You can read more about it at “Le centre national interprofessionnel de l’économie laitière (Cniel)”. Can you imagine what that amount means? It is enough to put the French on the winners’ podium for cheese consumption, because France is an ideal cheese-making country.
Why does France have so many cheeses?
Due to its geographical location, France has a temperate climate that gives the country the ideal balance for livestock farming. Neither too hot nor too cold, it allowed the country to have large tracts of land and water for the development of grazing and forage areas. Everything you need for a dairy industry.
Wherever you go in France, you will see cows, sheep, and goats. There is no French countryside without these animals. Moreover, over the centuries, the ingenuity of the French people has developed a “savoir faire” that is now recognized throughout the world, making France a true cheese-making country.
What type of milk is used to make cheese in France?
Of all French cheeses, most are made from cow’s milk, although you can also find plenty of goat’s and sheep’s milk cheeses.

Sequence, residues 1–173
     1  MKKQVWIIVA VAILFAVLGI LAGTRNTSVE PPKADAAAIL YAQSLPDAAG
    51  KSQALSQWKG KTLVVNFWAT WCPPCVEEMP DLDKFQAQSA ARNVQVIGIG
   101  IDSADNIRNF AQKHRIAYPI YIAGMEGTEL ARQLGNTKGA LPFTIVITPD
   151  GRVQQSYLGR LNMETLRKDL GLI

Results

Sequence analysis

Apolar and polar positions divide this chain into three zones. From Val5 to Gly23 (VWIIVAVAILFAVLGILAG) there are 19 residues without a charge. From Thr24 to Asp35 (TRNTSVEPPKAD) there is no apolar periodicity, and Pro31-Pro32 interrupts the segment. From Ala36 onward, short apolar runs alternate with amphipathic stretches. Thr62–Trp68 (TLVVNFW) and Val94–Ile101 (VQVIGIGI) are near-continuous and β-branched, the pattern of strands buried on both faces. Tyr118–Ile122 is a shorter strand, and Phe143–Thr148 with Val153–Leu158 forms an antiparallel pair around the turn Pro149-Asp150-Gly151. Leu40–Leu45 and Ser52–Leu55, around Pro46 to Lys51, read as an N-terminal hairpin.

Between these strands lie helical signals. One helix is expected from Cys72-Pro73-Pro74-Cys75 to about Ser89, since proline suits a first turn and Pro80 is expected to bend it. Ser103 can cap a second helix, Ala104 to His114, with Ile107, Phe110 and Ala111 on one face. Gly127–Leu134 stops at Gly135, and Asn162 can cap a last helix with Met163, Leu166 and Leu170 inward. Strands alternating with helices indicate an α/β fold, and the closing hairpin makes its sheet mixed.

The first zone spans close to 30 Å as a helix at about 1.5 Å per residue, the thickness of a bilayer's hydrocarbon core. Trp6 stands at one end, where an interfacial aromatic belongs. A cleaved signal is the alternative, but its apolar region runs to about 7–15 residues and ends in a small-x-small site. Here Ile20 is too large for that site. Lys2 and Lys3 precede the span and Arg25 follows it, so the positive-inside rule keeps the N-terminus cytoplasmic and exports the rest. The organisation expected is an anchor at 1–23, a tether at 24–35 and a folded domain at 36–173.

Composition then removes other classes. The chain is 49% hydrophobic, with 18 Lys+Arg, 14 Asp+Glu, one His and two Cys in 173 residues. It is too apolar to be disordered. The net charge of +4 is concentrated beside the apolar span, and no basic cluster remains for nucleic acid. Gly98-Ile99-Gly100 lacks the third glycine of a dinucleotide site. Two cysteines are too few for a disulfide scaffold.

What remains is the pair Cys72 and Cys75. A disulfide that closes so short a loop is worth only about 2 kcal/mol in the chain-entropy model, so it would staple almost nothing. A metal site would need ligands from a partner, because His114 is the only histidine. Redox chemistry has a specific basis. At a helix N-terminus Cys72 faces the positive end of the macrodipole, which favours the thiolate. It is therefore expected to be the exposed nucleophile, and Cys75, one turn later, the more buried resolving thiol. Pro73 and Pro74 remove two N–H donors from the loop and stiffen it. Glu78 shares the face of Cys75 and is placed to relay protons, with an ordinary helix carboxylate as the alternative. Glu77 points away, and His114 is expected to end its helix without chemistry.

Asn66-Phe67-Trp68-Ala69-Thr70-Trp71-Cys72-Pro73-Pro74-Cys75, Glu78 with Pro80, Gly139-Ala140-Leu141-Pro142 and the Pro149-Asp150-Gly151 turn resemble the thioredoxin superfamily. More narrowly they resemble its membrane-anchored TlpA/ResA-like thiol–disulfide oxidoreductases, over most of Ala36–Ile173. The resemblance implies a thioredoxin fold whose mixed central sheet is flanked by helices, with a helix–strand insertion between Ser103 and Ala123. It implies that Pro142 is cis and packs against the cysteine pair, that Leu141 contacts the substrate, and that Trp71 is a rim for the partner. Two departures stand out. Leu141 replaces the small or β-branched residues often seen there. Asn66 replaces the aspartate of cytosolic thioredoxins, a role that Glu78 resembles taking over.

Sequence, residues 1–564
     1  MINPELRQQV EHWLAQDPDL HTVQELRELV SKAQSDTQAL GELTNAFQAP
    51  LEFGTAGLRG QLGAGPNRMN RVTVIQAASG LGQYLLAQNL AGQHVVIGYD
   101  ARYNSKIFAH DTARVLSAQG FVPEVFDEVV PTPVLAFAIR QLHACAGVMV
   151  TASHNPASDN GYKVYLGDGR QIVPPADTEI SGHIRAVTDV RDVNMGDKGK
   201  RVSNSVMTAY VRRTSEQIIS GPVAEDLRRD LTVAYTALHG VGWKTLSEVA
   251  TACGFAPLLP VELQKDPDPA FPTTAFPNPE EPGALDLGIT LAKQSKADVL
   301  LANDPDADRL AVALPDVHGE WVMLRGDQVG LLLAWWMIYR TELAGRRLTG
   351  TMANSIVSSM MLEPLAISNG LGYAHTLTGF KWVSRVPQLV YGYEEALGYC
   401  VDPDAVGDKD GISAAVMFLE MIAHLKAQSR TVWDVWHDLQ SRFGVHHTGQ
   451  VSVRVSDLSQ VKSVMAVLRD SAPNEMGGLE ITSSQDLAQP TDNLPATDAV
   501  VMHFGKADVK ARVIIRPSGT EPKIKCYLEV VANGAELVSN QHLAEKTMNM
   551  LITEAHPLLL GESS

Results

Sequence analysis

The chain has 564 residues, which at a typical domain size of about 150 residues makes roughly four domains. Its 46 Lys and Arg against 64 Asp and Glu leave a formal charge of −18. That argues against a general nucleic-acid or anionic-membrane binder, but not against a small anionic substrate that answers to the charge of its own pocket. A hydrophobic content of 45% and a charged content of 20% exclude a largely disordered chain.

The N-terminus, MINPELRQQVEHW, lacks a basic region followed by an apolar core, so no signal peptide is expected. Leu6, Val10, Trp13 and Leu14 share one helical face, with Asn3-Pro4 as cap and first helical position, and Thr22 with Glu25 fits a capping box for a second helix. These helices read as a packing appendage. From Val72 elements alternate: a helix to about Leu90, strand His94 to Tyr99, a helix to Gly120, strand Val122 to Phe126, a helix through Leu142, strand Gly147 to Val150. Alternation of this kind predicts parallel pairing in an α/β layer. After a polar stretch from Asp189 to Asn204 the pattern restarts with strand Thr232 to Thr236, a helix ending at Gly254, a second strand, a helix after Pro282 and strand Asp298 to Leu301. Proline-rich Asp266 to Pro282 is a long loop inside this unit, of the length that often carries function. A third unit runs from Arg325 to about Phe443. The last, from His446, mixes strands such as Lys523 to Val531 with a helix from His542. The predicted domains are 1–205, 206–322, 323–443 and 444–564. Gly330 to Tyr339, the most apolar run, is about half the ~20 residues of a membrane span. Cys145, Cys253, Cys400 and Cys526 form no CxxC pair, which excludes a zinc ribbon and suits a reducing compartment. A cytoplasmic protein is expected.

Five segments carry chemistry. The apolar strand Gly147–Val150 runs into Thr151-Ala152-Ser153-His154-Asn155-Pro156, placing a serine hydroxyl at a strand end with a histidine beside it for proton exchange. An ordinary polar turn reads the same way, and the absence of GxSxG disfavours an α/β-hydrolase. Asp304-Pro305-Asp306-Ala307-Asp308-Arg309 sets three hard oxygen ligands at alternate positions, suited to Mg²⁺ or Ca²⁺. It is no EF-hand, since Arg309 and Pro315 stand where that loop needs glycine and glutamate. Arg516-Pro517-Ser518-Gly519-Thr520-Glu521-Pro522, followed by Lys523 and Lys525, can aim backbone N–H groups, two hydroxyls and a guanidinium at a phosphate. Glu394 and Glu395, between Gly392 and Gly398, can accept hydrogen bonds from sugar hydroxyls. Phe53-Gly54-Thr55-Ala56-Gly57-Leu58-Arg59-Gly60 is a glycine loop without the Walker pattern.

Which French cheese smells the strongest?
Although there are several, including Camembert de Normandie, Roquefort, and Munster, in general, mature soft cheeses smell stronger than other cheeses.
What are the most consumed French cheeses in France?
In 2019 according to CNIEL, 1 467 933 tones of cheese were produced in 2019.Although one would think that the French eat only mature cheese, the truth is that the French love fresh cheeses. In fact, the most consumed cheese according to FranceAgriMer in 2020 is Emmental with 164 606 tones of cheese followed by Petit Suisse with 71 290 tones consumed. These two leading cheeses are followed by Camembert with 48 594 tones, Raclette with 38 060 tones and Comté with 35 652 tones. The big difference between the leader and the rest of the cheeses is thanks to its versatility for cooking different dishes, it can be used for gratins, quiches, pasta, pizza, etc.
What is the oldest cheese in France?
Although there are cheeses that date back to the Middle Ages, such as Roquefort cheese, there are cheeses such as Cantal, which can be traced back to Roman times. Maybe this cheese really is the oldest cheese in France.
In the end, it is certain that in France you will spend many months or years creating anecdotes with friends and family around a table, tasting cheese. No doubt the French have milk in their veins and cheese in their heart.
Bon appetit !